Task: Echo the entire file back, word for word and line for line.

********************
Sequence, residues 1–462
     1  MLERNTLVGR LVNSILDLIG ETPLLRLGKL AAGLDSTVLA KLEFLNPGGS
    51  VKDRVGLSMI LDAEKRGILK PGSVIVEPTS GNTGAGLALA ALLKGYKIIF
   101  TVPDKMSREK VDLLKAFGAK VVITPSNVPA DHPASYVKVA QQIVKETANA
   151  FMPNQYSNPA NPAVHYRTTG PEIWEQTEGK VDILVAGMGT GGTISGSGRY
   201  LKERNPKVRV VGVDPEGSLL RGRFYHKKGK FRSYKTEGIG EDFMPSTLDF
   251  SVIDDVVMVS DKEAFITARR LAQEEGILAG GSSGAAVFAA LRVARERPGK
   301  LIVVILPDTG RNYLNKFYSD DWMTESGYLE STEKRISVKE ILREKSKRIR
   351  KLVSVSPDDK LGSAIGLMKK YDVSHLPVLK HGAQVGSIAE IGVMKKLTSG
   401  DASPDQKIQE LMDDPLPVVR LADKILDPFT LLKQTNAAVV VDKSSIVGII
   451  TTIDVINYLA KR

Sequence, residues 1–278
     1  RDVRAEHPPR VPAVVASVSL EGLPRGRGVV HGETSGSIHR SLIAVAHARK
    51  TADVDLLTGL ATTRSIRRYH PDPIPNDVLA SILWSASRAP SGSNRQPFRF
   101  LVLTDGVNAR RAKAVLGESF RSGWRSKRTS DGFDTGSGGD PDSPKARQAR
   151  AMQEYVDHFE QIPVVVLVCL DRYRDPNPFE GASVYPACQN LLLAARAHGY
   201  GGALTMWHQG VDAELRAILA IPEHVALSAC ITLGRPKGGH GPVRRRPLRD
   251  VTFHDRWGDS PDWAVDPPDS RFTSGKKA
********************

Sequence, residues 1–462
     1  MLERNTLVGR LVNSILDLIG ETPLLRLGKL AAGLDSTVLA KLEFLNPGGS
    51  VKDRVGLSMI LDAEKRGILK PGSVIVEPTS GNTGAGLALA ALLKGYKIIF
   101  TVPDKMSREK VDLLKAFGAK VVITPSNVPA DHPASYVKVA QQIVKETANA
   151  FMPNQYSNPA NPAVHYRTTG PEIWEQTEGK VDILVAGMGT GGTISGSGRY
   201  LKERNPKVRV VGVDPEGSLL RGRFYHKKGK FRSYKTEGIG EDFMPSTLDF
   251  SVIDDVVMVS DKEAFITARR LAQEEGILAG GSSGAAVFAA LRVARERPGK
   301  LIVVILPDTG RNYLNKFYSD DWMTESGYLE STEKRISVKE ILREKSKRIR
   351  KLVSVSPDDK LGSAIGLMKK YDVSHLPVLK HGAQVGSIAE IGVMKKLTSG
   401  DASPDQKIQE LMDDPLPVVR LADKILDPFT LLKQTNAAVV VDKSSIVGII
   451  TTIDVINYLA KR

Sequence, residues 1–278
     1  RDVRAEHPPR VPAVVASVSL EGLPRGRGVV HGETSGSIHR SLIAVAHARK
    51  TADVDLLTGL ATTRSIRRYH PDPIPNDVLA SILWSASRAP SGSNRQPFRF
   101  LVLTDGVNAR RAKAVLGESF RSGWRSKRTS DGFDTGSGGD PDSPKARQAR
   151  AMQEYVDHFE QIPVVVLVCL DRYRDPNPFE GASVYPACQN LLLAARAHGY
   201  GGALTMWHQG VDAELRAILA IPEHVALSAC ITLGRPKGGH GPVRRRPLRD
   251  VTFHDRWGDS PDWAVDPPDS RFTSGKKA